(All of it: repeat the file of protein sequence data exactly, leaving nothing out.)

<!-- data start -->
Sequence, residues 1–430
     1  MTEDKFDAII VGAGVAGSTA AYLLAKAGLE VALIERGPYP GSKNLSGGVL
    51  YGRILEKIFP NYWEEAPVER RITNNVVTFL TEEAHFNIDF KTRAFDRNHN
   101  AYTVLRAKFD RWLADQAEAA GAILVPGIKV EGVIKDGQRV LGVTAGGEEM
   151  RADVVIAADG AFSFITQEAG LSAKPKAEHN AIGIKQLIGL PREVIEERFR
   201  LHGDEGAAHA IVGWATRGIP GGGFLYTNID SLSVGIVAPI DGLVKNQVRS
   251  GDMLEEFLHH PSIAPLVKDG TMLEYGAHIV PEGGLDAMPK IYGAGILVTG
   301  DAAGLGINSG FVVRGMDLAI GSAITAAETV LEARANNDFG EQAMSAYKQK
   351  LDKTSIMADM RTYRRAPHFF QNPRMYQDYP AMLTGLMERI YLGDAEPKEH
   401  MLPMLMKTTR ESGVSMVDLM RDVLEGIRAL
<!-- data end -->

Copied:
Sequence, residues 1–430
     1  MTEDKFDAII VGAGVAGSTA AYLLAKAGLE VALIERGPYP GSKNLSGGVL
    51  YGRILEKIFP NYWEEAPVER RITNNVVTFL TEEAHFNIDF KTRAFDRNHN
   101  AYTVLRAKFD RWLADQAEAA GAILVPGIKV EGVIKDGQRV LGVTAGGEEM
   151  RADVVIAADG AFSFITQEAG LSAKPKAEHN AIGIKQLIGL PREVIEERFR
   201  LHGDEGAAHA IVGWATRGIP GGGFLYTNID SLSVGIVAPI DGLVKNQVRS
   251  GDMLEEFLHH PSIAPLVKDG TMLEYGAHIV PEGGLDAMPK IYGAGILVTG
   301  DAAGLGINSG FVVRGMDLAI GSAITAAETV LEARANNDFG EQAMSAYKQK
   351  LDKTSIMADM RTYRRAPHFF QNPRMYQDYP AMLTGLMERI YLGDAEPKEH
   401  MLPMLMKTTR ESGVSMVDLM RDVLEGIRAL